Dr. Barb: And what about the increasing group of women who are finding themselves at higher risk of developing breast cancer because of, now, the awareness of carrying a gene mutation that may put them at risk? So many women, I think, have a fear around our traditional treatment options for instance, for menopausal symptoms or around sexual health symptoms, but for many of them, they can still consider our more traditional, possibly our more effective treatment options. Is that how you advise women?
Lisa: Yeah. The North American Menopause Society Hormone Therapy Guidelines that were published in 2017 actually addressed women with BRCA mutation, and the literature addresses women with an elevated risk for breast cancer. And the way I counsel women is: an elevated risk for breast cancer is not a counter-indication to hormone therapy. And it again becomes a risk/benefit conversation, what we know and what we don’t know. But at this time I don’t discourage women, if they are having symptoms, specifically vasomotor symptoms, with hot flashes, night sweats, that are really interfering with their quality of life, I don’t discourage women from using hormone therapy if they are at risk for breast cancer.
Now, with the BRCA mutation, there are guidelines and literature that address with or without mastectomy, and with or without, obviously women who have had an ovariectomy for risk reduction are definitely going to be possibly be very symptomatic. In other words, if someone has, at age 40, an ovariectomy and becomes menopausal, possibly ten to fifteen years prior to when they would normally have these symptoms and normally not have circulating estrogen, I counsel women that the benefits may outweigh the risks to be on hormone therapy for that period of time, especially if they have elected to have a bilateral mastectomy, and the guidelines actually do address this.
Dr. Barb: So, do you have any optimism that we’re going to have new things to offer women regarding some of these complaints, moving forward? Are you aware of anything new coming through the pipeline? I know we were both at the recent NAMS meeting and there’s some interesting discussion around other approaches to treating hot flashes for instance.
Lisa: Well, I think the discussion about our newer treatment around the KNDy neurons, I believe it was KNDy, I can’t remember what the acronym stood for, but certain neurons in the brain that are actually felt to possibly be related to hot flashes and night sweats and the new medications that are being developed to target these neurons have actually, in early trials, looked very promising. So I am optimistic that there are even more non-hormonal options that will be available.
As far as new options for vaginal dryness and pain with intercourse, I think it is very exciting that Intrarosa or intravaginal DHEA is now FDA approved. Local estrogen now also has new delivery, such as the intravaginal ovule that only has to be inserted twice a week at any time of day, as indicated. I think that’s pretty exciting. I think that it’s a wonderful time in the sexual health world to be practicing, because it is finally getting the attention that it deserves. I think that there is also something coming along for desire for women. Bremelanotide just went through phase-three trials, and they are hoping that sometime this next winter/spring it will be approved, which I think is very exciting. Something that women can use in the moment with a forty five minute onset to increase desire, I think, is going to be very promising and exciting for women. So yes, I do think that there are a lot of new therapies coming. It’s a wonderful time to be in this space to be able to help women and to start to have more and more options.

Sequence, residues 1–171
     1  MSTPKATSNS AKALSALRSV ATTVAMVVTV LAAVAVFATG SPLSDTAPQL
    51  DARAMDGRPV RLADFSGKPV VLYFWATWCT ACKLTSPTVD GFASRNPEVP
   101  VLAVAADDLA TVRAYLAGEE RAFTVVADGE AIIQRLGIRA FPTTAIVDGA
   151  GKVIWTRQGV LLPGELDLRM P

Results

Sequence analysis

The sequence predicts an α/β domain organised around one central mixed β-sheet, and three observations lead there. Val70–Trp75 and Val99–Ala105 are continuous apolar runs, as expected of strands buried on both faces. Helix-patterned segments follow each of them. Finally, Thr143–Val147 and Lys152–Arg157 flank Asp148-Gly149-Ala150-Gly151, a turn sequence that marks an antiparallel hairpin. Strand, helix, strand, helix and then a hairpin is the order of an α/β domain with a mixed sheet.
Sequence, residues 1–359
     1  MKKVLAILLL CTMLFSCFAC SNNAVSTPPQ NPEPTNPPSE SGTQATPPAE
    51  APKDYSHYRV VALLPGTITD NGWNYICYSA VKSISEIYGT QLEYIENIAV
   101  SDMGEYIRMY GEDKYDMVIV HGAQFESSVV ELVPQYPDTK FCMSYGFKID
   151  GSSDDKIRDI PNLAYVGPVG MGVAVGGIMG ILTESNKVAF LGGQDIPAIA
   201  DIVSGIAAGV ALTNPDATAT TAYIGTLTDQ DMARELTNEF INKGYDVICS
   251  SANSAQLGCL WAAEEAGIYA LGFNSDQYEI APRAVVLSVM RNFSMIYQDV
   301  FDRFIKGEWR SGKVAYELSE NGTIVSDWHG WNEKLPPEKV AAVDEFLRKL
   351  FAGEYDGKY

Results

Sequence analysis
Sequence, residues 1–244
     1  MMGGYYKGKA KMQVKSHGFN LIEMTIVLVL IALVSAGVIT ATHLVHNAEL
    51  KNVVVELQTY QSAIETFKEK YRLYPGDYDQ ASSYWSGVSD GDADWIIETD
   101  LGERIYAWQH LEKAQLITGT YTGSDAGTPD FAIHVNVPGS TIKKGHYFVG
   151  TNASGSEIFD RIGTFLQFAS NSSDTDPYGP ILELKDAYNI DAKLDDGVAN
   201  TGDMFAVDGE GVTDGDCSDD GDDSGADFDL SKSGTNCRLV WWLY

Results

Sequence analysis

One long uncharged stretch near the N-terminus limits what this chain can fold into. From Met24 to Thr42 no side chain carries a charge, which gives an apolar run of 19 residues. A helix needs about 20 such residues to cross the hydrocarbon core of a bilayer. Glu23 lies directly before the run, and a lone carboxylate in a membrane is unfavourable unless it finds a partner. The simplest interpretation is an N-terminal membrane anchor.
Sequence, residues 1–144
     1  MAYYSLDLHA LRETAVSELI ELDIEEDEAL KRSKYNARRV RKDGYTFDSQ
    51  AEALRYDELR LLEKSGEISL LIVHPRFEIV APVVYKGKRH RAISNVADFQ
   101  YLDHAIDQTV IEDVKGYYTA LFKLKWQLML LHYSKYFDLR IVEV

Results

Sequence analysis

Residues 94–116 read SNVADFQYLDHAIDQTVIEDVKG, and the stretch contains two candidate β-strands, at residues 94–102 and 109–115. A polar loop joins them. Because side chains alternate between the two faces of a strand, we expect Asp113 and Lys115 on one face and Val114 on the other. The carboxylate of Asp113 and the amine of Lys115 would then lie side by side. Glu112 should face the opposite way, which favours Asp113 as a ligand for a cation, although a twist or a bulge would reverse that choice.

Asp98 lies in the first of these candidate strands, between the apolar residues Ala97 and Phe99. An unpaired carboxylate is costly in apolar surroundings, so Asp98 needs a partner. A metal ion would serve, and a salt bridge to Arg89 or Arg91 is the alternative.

Dr. Barb: Well, thank you for sharing the depth and breadth of knowledge that you have. And I am, again, thankful that there are women who have a resource that they can improve the quality of their life. Because so many women, with our early detection and successful treatment and now with the genetic changes, just what we’re recognising, so many more women who are coming across these symptoms and needing to deal with them appropriately. So it’s great that you can have a practice that’s meeting those needs specifically. And I know that patients in your area are very appreciative of that.
Lisa: Well, thank you. It’s very rewarding work.
Dr. Barb: And in closing, can you share with listeners, where you find richness at this stage of your life, personally?
Lisa: Wow. Well, I would say really through my family; my daughter just started University of Mercy Detroit in the School of Nursing, and she’s got big aspirations and dreams. She’s actually double majoring in nursing and political science, so she’s planning an internship in DC this summer, so I’m planning how I’m going to spend my summer visiting her [laughs].
Dr. Barb: Well, that sounds like an exciting option—
Lisa: Yeah. Travel, traveling with my family. And professionally, continuing to grow in this specialty. Like I said, it’s a real exciting time to be providing this kind of care, but I’d have to say, really centers around my family. They give me balance.
Dr. Barb: Good. Well, thanks again, Lisa, for your time. I really appreciate it.
Lisa: Thanks so much, Barb. Take care.